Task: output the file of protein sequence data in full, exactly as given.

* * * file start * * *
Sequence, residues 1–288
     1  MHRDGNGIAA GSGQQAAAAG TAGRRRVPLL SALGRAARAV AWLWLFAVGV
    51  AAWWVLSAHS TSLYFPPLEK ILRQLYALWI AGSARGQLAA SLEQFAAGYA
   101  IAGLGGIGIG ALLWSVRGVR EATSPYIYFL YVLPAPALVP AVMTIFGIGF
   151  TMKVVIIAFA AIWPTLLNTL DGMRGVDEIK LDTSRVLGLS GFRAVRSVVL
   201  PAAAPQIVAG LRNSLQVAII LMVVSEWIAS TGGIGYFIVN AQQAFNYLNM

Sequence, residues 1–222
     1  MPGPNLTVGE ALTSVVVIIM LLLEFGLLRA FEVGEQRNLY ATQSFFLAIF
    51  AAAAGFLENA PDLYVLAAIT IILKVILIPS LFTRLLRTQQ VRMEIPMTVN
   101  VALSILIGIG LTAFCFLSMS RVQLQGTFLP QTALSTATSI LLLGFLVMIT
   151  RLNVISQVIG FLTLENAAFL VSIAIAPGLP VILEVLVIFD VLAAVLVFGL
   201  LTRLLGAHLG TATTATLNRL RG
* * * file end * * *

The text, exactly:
Sequence, residues 1–288
     1  MHRDGNGIAA GSGQQAAAAG TAGRRRVPLL SALGRAARAV AWLWLFAVGV
    51  AAWWVLSAHS TSLYFPPLEK ILRQLYALWI AGSARGQLAA SLEQFAAGYA
   101  IAGLGGIGIG ALLWSVRGVR EATSPYIYFL YVLPAPALVP AVMTIFGIGF
   151  TMKVVIIAFA AIWPTLLNTL DGMRGVDEIK LDTSRVLGLS GFRAVRSVVL
   201  PAAAPQIVAG LRNSLQVAII LMVVSEWIAS TGGIGYFIVN AQQAFNYLNM

Sequence, residues 1–222
     1  MPGPNLTVGE ALTSVVVIIM LLLEFGLLRA FEVGEQRNLY ATQSFFLAIF
    51  AAAAGFLENA PDLYVLAAIT IILKVILIPS LFTRLLRTQQ VRMEIPMTVN
   101  VALSILIGIG LTAFCFLSMS RVQLQGTFLP QTALSTATSI LLLGFLVMIT
   151  RLNVISQVIG FLTLENAAFL VSIAIAPGLP VILEVLVIFD VLAAVLVFGL
   201  LTRLLGAHLG TATTATLNRL RG